This does not imply that God is not sovereign; it means that God has created a world in which he has limited his own sovereignty (he can do that…he is sovereign over his own sovereignty). It means that his will in the world is directly connected to our will to work with him. 1 Cor 3:9 tells us that we are “co-laborers with God.” In the words of Richard Foster, “…we are working with God to determine the outcome of events” (Celebration of Discipline, 35). This is perfectly in line with the whole of Scripture as God consistently acts and changes his mind according to the wills and actions of humans. The sovereignty of God is not employed by asserting his will over against ours, but by empowering ours when it is aligned with his. His will against evil and suffering is carried out when we join with him.
A Rebuttal from Logic:
Platt states that if God did not cause all suffering, he is not sovereign and therefore cannot ensure that all things will work for good. This is reductio ad absurdum. God can (and did) make a world in which his will could be (and was) rejected. It is a far greater display of sovereignty and wisdom that God could take a situation in which his will is rejected and still bring good out of it for his people. To say he cannot ensure blessings in the midst of suffering is to reject his sovereignty! In the words of Greg Boyd, “God doesn’t cause messes for a purpose, he brings purposes to the messes.”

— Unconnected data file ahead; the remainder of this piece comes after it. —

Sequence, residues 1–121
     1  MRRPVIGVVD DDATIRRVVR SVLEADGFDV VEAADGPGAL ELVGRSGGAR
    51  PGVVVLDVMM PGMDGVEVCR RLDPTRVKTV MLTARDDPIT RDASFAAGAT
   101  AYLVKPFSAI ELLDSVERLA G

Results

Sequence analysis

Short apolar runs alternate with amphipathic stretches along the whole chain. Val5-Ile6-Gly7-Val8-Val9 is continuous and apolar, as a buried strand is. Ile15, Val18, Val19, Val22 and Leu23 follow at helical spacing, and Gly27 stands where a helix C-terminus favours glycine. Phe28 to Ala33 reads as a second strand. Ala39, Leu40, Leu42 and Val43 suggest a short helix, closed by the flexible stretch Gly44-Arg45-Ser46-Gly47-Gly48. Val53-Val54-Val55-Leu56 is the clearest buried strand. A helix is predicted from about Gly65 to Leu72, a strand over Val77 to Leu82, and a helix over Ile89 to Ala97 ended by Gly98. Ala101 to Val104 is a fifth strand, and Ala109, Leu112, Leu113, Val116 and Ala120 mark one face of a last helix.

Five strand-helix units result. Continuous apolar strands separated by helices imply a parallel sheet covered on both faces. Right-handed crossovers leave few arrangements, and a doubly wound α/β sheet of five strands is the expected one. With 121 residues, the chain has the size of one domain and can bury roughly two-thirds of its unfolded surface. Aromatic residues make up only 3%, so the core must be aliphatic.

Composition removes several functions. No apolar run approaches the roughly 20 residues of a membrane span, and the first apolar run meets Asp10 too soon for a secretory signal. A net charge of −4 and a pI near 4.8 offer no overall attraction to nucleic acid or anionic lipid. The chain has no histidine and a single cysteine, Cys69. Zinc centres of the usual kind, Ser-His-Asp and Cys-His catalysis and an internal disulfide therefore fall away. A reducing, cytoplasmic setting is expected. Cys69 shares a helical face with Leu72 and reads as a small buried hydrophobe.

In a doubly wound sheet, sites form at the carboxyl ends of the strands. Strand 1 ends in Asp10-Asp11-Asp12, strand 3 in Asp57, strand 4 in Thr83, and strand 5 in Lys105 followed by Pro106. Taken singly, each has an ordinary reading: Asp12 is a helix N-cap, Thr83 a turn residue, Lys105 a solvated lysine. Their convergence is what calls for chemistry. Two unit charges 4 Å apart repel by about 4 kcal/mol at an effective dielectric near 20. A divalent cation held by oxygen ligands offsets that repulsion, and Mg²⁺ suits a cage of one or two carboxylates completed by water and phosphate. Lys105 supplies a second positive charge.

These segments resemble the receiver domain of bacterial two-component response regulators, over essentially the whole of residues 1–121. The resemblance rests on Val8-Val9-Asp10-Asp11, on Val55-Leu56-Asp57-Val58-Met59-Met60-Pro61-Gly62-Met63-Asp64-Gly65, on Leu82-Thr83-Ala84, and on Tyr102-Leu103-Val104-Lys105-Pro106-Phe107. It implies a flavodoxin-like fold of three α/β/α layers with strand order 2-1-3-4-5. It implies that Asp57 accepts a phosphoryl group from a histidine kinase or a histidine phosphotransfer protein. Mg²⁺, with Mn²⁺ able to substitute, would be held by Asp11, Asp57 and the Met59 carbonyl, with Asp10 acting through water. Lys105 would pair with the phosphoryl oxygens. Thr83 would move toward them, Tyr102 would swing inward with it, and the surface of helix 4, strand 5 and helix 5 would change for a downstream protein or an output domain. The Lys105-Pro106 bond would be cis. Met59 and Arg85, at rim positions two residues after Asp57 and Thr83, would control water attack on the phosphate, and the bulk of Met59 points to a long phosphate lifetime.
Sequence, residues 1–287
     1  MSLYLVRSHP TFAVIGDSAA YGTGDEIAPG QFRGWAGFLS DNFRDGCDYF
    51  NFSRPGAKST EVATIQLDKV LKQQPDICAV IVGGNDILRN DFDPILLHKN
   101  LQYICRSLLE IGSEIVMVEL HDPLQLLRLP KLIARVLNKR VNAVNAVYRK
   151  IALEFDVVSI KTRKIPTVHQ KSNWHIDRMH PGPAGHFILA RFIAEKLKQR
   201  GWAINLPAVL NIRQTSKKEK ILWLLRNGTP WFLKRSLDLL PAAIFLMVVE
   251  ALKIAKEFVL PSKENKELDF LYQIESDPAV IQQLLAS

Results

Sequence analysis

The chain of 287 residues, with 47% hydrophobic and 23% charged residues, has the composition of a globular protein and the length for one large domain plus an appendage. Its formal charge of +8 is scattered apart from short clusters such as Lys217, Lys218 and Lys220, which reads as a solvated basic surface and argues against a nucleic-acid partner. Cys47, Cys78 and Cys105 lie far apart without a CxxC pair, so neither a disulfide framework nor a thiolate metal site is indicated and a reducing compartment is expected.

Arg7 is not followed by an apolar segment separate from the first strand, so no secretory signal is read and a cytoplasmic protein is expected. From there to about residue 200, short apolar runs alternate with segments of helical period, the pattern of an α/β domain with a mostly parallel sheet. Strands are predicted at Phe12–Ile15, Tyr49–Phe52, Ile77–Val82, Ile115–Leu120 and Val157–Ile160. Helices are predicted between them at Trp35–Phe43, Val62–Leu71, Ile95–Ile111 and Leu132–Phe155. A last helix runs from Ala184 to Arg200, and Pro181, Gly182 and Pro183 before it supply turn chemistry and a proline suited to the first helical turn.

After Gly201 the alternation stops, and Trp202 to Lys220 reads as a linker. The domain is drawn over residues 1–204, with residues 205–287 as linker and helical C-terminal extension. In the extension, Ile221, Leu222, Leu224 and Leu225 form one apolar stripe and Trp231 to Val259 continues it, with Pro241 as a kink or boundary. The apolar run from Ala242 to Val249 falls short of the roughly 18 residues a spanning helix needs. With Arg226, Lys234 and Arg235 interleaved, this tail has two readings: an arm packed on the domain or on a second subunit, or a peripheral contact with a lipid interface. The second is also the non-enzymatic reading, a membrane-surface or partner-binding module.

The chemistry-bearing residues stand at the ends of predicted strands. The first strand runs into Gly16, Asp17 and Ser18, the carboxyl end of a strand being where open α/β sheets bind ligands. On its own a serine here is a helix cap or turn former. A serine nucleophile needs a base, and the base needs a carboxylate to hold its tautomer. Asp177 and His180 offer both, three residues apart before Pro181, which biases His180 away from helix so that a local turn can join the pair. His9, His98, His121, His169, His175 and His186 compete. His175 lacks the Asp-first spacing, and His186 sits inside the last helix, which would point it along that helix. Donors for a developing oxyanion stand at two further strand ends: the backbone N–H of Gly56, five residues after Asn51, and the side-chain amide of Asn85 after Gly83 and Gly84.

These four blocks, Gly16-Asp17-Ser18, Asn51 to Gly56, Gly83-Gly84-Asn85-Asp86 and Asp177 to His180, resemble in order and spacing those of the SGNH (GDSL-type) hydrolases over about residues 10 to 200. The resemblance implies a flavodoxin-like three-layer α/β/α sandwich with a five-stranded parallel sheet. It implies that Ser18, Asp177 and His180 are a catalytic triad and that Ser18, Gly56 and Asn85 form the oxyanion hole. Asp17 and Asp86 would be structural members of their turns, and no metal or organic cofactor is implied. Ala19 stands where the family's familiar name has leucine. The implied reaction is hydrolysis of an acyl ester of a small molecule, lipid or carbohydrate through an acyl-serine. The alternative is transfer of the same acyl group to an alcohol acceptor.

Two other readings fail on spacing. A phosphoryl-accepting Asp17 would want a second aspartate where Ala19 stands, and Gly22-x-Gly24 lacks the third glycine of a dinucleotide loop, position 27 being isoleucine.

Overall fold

But, how can God’s will be rejected? If God does not cause it, then he must allow it, right? Thus, we have a “passive” will of God.
This is a false dichotomy. There are not only two choices here.
To put it bluntly, there are some things God cannot do. Boyd explains this very well here and here. God cannot make a circle square or a married bachelor. By virtue of being a circle, a thing cannot also be a square. A bachelor, by definition, cannot be married.
God’s will is not the sole determining factor of all events. This is how he—in his sovereignty—created the world.
God can do that.
There are almost infinite causes that bring about any particular act, whether natural or human. The flap of a butterfly’s wings, under the right conditions (with almost infinite other causes for each of those conditions), can cause a hurricane on the other side of the world. We can never ever, ever, ever possibly know all of the things that cause a particular act. Some of these things can deny or give God opportunity to intervene in a situation. It could be the availability of angels (Dan 10). It could be the will (Jn 5:6), obedience (Jn 9:11), faith (Mt 8:13), or prayers (Ja 5:15) of humans. The multiplicity of causes denies the right to tell someone why they suffer. We must set down our judgments and simply react with grace to their suffering as Jesus did in saying, “Niether this man nor his parents sinned. But let the works of God be manifested…” (Jn 9:3)*